France, first half of the 19th century
Oil on canvas, 33 x 24.8 cm
Gift of Marie-Claude Hayman, in memory of her mother Odette Fabius
Anonymous, Abraham Furtado, France, first half of the 19th century
The lawyer Abraham Furtado (London, 1756 – Bordeaux, 1817) fought for the preservation of the rights the Jews acquired during the Revolution. Born in 1756 into a family of Portuguese Marrano descent, he was educated in Bordeaux and summoned by Malesherbes in 1788 to sit on the commission charged with reflecting on improving the conditions of Jews in France. Due to his close ties with the Girondins he was exiled in 1793 during the Terror. Yet he was chosen to represent the Gironde at the Assembly of Notables, which he chaired in 1806 before becoming secretary of the Grand Sanhedrin. After Napoleon’s fall in 1814, he was appointed deputy mayor of Bordeaux by Louis XVIII and remained so until he died in 1817.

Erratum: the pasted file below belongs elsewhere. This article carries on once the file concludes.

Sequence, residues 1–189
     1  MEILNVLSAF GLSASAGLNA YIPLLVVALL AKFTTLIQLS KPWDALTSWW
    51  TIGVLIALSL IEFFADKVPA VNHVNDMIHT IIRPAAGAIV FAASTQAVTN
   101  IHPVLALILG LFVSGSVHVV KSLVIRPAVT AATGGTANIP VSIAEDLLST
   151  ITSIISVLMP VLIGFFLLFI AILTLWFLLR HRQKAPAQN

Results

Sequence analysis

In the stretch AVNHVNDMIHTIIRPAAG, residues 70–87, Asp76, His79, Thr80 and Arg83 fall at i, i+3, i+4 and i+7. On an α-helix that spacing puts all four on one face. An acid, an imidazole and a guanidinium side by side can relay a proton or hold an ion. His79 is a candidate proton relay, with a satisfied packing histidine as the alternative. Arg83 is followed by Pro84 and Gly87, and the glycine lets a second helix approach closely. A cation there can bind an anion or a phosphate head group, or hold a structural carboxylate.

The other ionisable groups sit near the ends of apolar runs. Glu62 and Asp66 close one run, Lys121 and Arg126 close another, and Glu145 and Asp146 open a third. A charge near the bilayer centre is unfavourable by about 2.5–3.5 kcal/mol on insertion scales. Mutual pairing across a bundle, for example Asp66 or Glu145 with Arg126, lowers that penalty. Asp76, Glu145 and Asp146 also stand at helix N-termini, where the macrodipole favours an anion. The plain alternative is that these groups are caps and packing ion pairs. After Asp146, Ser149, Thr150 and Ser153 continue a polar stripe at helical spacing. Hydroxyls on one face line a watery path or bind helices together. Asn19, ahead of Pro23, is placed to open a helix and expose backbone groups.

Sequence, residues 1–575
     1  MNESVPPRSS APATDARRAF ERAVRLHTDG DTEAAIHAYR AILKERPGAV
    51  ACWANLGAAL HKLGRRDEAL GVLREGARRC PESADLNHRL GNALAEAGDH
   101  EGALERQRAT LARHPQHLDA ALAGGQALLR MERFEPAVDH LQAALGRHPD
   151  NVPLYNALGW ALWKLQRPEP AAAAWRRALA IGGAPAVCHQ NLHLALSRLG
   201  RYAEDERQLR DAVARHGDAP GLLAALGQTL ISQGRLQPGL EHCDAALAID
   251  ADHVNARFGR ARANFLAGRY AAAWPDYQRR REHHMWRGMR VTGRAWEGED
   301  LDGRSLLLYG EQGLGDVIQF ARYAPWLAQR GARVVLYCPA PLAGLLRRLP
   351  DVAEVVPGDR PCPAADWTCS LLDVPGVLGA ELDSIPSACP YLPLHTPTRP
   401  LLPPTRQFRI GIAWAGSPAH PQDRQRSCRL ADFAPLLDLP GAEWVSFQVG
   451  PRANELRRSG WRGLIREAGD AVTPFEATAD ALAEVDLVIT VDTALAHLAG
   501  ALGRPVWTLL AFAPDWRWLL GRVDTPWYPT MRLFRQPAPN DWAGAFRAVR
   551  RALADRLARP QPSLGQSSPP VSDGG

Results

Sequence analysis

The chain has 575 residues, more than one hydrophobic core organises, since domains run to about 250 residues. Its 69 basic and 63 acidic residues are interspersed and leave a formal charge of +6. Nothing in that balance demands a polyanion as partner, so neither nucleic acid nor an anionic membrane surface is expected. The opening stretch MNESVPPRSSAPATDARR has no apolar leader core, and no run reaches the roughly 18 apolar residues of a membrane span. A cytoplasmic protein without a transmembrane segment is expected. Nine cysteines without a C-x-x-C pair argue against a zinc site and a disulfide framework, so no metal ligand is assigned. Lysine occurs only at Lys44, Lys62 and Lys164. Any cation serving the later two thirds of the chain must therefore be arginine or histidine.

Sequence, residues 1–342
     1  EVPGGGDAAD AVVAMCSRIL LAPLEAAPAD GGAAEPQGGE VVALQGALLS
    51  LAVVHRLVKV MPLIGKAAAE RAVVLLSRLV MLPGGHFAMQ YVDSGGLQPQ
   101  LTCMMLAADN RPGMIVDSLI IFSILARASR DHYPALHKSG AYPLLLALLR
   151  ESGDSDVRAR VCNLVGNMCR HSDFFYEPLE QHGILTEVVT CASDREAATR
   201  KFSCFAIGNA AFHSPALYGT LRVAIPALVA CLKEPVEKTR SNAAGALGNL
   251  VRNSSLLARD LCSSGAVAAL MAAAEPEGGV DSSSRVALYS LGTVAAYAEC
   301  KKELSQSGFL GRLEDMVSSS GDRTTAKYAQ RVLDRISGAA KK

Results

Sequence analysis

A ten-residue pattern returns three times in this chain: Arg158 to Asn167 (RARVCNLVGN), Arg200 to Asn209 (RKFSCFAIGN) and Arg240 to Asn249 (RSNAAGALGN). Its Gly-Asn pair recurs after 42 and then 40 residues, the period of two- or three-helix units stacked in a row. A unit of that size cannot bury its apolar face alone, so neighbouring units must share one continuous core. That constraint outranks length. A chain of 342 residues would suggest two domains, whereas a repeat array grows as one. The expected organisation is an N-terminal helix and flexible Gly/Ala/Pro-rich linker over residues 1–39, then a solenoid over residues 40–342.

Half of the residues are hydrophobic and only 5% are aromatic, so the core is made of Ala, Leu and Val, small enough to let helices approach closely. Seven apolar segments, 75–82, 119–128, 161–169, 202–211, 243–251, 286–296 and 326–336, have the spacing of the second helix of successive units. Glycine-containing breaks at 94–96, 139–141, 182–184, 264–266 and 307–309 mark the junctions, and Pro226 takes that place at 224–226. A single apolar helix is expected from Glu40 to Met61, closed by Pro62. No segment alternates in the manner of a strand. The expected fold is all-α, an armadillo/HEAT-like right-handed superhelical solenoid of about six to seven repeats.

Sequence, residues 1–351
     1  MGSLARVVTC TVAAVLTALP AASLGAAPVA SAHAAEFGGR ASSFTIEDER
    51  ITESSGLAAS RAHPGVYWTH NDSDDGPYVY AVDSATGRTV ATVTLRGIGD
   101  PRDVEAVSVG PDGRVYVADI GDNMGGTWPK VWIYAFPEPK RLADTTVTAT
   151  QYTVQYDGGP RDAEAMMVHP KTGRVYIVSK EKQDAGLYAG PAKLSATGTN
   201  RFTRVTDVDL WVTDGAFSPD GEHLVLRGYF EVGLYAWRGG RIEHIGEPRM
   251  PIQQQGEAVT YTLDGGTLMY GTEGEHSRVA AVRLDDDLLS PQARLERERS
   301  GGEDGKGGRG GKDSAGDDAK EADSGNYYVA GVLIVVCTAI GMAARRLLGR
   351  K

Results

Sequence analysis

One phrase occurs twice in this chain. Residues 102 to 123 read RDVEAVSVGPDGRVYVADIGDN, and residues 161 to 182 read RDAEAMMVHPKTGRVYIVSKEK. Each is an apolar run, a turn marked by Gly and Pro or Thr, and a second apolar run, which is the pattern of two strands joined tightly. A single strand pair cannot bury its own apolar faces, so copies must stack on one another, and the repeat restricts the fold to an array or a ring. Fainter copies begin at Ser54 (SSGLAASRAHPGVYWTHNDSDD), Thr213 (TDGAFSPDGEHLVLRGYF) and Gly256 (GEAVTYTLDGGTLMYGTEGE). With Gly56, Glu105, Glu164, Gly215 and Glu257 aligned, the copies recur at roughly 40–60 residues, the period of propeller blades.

On the same topics
Gerrit Adriaenszoon Berckheyde (Haarlem, 1638–Haarlem, 1698)
Hermann Struck (Berlin, 1876 – Haïfa, 1944)